When Halima, a mother of seven from Garissa County in Kenya, decided to start a business in the camel milk business, she had three challenges. She and her family were poor. Formally they were cattle herders, but they lost their animals to prolonged drought. The family had no source of income and was receiving support from the community and other social support systems. Being a woman, Halima was treated with prejudice and had little influence in the community. She also had a husband who was very reluctant to allow her the time to run the business, despite being out of work himself. Eventually though, he allowed her to start the business with certain conditions, including that she limit her time away from home.
Despite these hardships, Halima persisted. She started her business by saving the very little money she had, with which she bought three litres of camel milk. She sold this making a small profit. Very slowly and gradually she progressed until, by the end of the first six months in business, she was buying and selling 9 litres of camel milk a day at a small profit.
Despite the challenges she faced, the profits from milk sales grew. Halima was soon able to meet the food needs of her family and no longer had to rely on social support systems. But also, as her milk business progressed, her husband started appreciating Halima’s efforts and began to support her in small ways like collecting milk from herders and moving it to the roadside to await daily transport to Garissa.
In Garissa County, where increasingly unpredictable weather patterns and droughts are a regular occurrence, the economy, until recently, was underdeveloped to say the least. Women in particular were at a disadvantage. They were powerless, some having to deal not only with food hardships, lack of schooling for their children, and many other challenges but also the prejudice of men, even within their own family.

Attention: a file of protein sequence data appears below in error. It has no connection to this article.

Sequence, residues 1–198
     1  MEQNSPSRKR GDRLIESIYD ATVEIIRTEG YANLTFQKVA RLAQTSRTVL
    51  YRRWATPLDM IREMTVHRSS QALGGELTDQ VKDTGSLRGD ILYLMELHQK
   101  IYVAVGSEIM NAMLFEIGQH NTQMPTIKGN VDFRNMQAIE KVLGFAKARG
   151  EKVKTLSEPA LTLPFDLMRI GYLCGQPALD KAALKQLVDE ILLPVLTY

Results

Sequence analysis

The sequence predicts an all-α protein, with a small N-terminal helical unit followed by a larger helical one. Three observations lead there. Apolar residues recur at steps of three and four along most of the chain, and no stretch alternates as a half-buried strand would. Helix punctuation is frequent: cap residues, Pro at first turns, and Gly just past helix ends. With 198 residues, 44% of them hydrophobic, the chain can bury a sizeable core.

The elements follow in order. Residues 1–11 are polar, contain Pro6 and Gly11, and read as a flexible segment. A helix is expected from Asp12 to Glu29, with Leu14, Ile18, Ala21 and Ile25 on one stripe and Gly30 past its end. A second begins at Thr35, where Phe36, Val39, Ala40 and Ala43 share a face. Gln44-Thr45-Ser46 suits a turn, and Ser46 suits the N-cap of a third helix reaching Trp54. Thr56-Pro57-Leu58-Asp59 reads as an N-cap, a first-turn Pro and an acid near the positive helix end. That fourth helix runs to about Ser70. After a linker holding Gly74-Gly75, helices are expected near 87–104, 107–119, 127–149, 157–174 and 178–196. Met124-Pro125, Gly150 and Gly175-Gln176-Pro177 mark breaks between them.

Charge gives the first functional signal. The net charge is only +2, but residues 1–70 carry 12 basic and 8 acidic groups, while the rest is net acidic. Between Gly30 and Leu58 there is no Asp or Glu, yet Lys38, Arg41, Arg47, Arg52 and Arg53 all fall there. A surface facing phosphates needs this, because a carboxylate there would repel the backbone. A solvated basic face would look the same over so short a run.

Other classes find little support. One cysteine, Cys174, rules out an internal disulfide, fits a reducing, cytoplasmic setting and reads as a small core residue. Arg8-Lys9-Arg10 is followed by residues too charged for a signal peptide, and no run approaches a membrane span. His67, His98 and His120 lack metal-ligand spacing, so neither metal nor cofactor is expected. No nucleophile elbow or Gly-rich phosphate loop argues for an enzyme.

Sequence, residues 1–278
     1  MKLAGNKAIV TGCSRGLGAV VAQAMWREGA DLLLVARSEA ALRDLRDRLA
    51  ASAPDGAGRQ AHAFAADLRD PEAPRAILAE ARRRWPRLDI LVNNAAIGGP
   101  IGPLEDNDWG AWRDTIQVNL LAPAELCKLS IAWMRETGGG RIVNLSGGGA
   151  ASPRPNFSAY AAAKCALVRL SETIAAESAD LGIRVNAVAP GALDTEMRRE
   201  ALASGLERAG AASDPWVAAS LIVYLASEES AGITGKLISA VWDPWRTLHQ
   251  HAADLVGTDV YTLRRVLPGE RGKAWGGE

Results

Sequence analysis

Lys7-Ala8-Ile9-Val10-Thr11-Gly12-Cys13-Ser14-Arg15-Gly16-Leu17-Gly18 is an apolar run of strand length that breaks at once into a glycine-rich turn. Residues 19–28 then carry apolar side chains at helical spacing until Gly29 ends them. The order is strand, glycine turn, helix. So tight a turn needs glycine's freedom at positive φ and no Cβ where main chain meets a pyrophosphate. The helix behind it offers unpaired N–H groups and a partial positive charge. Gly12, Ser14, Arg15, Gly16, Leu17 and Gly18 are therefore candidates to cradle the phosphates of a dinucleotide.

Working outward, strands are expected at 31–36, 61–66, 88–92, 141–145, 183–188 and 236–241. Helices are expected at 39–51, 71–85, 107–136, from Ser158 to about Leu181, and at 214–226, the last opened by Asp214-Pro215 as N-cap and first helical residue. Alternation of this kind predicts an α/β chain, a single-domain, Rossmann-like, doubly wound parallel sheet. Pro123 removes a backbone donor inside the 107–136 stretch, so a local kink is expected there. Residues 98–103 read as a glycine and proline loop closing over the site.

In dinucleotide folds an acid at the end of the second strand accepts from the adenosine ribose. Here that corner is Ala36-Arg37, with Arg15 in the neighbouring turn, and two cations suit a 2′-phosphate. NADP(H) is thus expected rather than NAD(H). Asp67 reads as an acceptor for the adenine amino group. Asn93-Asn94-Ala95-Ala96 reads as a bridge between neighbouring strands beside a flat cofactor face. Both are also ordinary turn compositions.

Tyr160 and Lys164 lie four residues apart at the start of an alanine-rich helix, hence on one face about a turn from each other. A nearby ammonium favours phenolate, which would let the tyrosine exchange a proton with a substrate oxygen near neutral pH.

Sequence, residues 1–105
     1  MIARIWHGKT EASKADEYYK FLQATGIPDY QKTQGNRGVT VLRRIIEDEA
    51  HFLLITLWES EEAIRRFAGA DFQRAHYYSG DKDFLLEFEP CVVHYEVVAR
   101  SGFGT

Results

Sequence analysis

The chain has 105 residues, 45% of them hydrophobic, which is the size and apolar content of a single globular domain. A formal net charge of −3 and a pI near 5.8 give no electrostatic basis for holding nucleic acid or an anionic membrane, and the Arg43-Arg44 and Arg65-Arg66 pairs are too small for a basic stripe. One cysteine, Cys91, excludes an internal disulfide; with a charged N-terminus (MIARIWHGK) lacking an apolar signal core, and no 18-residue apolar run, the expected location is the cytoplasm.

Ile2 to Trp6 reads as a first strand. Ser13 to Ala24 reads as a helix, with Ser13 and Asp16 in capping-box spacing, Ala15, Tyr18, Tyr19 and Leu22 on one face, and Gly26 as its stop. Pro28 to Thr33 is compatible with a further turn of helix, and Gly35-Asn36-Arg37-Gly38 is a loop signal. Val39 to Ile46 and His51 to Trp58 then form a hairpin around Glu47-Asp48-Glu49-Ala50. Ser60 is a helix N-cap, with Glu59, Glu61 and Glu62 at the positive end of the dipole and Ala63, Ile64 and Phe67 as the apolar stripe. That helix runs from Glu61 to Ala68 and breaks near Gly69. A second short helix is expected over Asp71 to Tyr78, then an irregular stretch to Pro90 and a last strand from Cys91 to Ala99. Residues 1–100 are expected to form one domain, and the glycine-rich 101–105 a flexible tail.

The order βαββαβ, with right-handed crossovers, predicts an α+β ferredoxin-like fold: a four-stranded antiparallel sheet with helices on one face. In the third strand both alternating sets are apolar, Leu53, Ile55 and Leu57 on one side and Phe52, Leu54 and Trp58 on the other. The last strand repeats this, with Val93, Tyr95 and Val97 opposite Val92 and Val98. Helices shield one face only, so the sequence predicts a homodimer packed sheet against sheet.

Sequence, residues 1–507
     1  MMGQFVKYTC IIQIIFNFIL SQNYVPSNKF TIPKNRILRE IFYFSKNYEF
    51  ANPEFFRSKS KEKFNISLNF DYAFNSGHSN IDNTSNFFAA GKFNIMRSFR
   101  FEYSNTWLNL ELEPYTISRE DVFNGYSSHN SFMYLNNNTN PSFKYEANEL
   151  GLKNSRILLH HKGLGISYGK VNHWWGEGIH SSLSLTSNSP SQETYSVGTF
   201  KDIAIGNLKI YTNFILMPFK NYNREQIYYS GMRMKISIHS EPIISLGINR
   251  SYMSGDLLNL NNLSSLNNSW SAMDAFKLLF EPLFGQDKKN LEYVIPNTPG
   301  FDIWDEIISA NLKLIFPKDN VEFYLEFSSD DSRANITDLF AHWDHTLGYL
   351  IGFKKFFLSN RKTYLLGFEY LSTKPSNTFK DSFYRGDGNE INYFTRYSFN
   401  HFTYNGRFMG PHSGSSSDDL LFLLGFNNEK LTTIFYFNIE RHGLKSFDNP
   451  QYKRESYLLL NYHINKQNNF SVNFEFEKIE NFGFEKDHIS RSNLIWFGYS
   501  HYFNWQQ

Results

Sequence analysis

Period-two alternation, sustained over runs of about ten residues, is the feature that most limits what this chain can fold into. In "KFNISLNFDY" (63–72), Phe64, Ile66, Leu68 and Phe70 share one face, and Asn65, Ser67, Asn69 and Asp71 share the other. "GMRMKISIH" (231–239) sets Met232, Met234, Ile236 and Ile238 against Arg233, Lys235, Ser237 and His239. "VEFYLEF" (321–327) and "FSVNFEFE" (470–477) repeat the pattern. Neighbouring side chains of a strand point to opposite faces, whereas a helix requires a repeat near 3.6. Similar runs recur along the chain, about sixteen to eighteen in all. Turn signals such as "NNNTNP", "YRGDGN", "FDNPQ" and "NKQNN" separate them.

The Camili project
With the support of the Camili (camel milk) project, which used a value chain development approach to increase the quality, production and sales of camel milk in Garissa County, the women of Garissa have proven to be made of sturdier stuff than we might imagine. Some have proven their capabilities to support their families by running thriving businesses, which by extension has helped their families, many of their neighbours and the community as a whole. Women such as Halima have proven that they can withstand, and indeed thrive in the most difficult of circumstances.
Through her business, Halima was able to save Kes200/= daily for two years, with which she acquired 5 camels. This was the turning point for her family; camel owners have respected status in the community. Her family is now food secure and together with her husband, Halima supports other community members and can meet other needs such as medical and education expenses for her children.
The Camili project is now in its second phase. Such was the success of the first stage – which saw improvements in production, volumes and quality of the milk, co-operation and efficiency, as well as increased employment opportunities – that these achievements are now being enhanced and consolidated. In this second phase, the aim is to strengthen the efficiency and resilience of the camel milk sector, and secure livelihoods and food security for 10,000 more people. The camel milk sector can look forward to better economic progress even in tough situations, and thereby enrich the lives of the traders and herders – people like Halima.
For women in particular the project has had a remarkably empowering effect. Female camel milk traders who make up an incredible 83% of camel milk traders, have access to more opportunities, including funding from government schemes, which have benefited them and their families both economically and socially, and they have greater voice and influence in their households and community.
Local markets are full of confident, industrious women with independently earned money. This benefits the women themselves – giving them a sense of pride and personal power that they didn’t have before – but their families also benefit, as there are more resources to pay for school fees and health care.
Moreover, attitudinal change among men and community leaders has become evident. These business women’s economic empowerment has influenced and created change that will benefit both themselves and many future generations to come.
Many lives have been transformed for the better thanks to Camili’s support of the camel milk industry. The difference it makes to people’s lives, both directly and indirectly involved in the camel milk sector is remarkable – people have become self-reliant, no longer depend on aid to feed their families, and they prosper.
Women, in particular have benefitted in many areas of their lives. With their newly developed and supported entrepreneurial skills they now have a level of community influence that they did not have before, and they have a sustainable source of income to support themselves and their family. The impact that they’ve had on the camel milk industry means that they, the community and future generations can enjoy an economy that is resilient and has the potential to flourish into the future.